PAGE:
AMIENS, France (Reuters) - On a school gate in the French city of Amiens, a hand-written note details the results of last weekend’s parliamentary elections. The winner, by far, was abstention.
Barely a third of the 1,803 registered voters in the working class neighbourhood of Saint-Maurice bothered to cast a ballot at the school, which doubles up as a polling station.
The dismal turnout in the first round of the elections could spell trouble for President Emmanuel Macron, who was born and grew up in the northern city. While his party is forecast to win the second round run-off this Sunday easily, he will need all the support he can get to avoid street protests that could hinder his plans for far-reaching social and economic reforms.
Local people who stayed at home last weekend spoke of their disillusionment with politics in a country where job creation has been slow and frustration with an election where the result already appears a done deal.
“We’re in deep shit already and we’ll never get out of it, at least not for a long while, so what’s the point in going to vote?” Amelie Leroy, a 25-year-old maternity ward worker, told Reuters on a quiet street of yellow and red brick houses.
These are emotions felt across France, a country where voter turnout is traditionally high but slumped to just 48.7 percent in the first round, the lowest for a parliamentary election in the country’s modern history.
Opinion polls project that the run-off - contested by the top two candidates from the first round in each constituency - will hand Macron’s centrist Republic on the Move (LREM) party and its smaller ally as many as three quarters of the 577 seats in the lower house.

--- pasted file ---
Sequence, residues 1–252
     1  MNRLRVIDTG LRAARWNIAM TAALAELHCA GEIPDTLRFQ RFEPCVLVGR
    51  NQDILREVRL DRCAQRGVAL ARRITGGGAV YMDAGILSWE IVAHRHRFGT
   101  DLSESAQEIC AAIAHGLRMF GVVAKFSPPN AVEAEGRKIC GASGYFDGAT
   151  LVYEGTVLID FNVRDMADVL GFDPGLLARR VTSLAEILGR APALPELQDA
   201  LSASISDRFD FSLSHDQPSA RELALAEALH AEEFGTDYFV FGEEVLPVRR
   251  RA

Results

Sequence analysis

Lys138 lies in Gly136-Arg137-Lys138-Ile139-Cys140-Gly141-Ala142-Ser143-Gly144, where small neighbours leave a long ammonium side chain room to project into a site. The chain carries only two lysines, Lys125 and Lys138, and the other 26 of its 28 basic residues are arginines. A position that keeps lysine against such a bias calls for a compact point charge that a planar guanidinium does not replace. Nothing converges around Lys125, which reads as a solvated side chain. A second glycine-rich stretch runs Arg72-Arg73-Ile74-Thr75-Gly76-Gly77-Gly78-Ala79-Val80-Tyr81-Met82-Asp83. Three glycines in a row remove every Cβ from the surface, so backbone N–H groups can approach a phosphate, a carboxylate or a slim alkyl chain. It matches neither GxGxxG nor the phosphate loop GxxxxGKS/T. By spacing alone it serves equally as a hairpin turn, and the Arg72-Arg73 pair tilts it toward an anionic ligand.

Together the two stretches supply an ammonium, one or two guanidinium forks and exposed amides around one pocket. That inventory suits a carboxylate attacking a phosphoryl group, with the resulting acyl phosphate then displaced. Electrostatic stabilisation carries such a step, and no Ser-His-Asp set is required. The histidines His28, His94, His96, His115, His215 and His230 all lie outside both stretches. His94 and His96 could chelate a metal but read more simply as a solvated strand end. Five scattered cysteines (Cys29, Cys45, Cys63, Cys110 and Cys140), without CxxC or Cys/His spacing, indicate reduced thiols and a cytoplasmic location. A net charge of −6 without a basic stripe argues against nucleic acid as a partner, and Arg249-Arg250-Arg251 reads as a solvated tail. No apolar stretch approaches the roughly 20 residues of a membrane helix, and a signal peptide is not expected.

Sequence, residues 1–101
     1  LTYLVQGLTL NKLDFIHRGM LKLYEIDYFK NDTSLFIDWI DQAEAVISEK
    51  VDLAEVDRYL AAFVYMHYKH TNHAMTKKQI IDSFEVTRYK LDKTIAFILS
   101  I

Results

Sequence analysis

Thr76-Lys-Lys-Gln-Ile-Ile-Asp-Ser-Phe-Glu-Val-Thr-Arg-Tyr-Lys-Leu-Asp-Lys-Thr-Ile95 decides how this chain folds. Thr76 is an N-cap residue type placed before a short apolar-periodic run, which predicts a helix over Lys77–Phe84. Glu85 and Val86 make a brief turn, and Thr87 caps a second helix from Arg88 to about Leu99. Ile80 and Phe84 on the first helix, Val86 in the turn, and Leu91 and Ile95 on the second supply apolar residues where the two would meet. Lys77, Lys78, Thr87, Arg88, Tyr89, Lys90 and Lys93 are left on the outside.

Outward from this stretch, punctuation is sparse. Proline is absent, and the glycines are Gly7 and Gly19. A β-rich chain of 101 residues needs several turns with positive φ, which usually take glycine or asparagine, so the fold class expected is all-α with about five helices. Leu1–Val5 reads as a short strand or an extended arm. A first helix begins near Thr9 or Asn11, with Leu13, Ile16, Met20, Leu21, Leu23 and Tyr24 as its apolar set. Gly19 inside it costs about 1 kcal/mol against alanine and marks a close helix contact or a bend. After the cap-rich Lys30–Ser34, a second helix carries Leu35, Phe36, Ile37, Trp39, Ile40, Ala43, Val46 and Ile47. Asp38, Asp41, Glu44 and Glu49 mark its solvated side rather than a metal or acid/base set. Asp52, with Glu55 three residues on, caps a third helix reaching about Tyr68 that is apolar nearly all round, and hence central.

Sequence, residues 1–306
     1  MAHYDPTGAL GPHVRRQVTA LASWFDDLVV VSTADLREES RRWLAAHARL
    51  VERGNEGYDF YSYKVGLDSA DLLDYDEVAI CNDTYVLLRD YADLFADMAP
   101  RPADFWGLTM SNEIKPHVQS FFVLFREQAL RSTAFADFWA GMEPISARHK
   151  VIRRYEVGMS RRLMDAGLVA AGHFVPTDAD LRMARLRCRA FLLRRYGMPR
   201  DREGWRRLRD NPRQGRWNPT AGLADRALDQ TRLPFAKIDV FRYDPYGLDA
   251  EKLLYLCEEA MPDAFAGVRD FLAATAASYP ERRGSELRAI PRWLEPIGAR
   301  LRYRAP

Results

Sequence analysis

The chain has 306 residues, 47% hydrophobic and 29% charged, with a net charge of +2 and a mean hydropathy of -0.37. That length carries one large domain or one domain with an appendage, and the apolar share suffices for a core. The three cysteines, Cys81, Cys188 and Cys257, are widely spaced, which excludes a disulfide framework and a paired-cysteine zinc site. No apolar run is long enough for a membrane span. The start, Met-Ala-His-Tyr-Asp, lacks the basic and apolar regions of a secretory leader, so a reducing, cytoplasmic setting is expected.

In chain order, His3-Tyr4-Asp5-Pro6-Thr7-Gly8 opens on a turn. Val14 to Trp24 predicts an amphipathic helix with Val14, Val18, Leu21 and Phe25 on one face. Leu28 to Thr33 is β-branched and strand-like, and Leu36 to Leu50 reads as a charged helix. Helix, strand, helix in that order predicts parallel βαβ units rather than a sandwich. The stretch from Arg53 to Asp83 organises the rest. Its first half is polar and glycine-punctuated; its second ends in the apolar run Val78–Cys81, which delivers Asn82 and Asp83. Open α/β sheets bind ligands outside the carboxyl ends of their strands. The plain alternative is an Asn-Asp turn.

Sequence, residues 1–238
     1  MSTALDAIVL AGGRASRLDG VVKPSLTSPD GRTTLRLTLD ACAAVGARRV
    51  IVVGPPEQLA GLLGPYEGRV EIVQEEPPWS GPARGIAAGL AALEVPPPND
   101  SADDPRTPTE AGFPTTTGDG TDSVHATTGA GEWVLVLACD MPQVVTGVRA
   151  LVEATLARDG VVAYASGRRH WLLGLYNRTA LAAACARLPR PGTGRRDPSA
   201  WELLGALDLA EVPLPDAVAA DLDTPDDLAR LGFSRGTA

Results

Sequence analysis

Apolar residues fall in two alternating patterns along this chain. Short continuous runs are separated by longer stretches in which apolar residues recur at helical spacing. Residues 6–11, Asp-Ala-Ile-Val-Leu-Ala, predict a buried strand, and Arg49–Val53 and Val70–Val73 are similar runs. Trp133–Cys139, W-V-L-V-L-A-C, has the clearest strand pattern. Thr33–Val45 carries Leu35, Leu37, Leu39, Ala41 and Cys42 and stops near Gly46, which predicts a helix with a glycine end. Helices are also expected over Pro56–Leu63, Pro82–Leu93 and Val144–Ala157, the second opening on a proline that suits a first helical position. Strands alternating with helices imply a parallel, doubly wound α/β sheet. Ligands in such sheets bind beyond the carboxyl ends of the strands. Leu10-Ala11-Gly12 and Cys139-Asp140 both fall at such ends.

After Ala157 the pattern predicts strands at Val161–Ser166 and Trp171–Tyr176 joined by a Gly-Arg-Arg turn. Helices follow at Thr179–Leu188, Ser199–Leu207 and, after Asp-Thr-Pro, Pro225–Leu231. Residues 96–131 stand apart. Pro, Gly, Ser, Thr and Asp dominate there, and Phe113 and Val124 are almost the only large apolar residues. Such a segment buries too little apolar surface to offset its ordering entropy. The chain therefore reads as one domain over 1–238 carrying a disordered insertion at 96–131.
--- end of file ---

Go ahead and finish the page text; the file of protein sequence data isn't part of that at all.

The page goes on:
That on paper would give Macron a powerful mandate for his reform plans that include cutting tens of thousands of public sector jobs and making it easier to hire and fire workers. But his party and its ally won just about a third of the low first round vote.
An OpinionWay poll on Thursday pointed to an even lower turnout of 46 percent in the run-off.
This high abstention rate shows Macron, a 39-year-old former banker, is struggling to rally the whole nation behind him. That means he will have to tread carefully in a country where muscular trade unions do not shy from calling strikes and where street protests have forced many a past government to dilute reforms.
Leroy, who will stay at home again for the run-off, said she knew little about the candidates courting her vote, but did know about Macron’s plans to relax labour laws. And they worry her.
If he goes through with them, Leroy said, she would probably take to the streets in protest, or strike.
A survey by Elabe pollsters showed not all of those who abstained last Sunday did so in protest - 47 percent welcomed the outcome. But even the government has said the low turnout was a failure it needed to address.
“That’s what’s at stake in this second round vote but also for our whole five-year term - reconciling the French with politics and bringing voters back to the ballot box,” said Nicolas Dumont, the 40-year-old candidate for Macron’s party in the Amiens constituency where Leroy lives.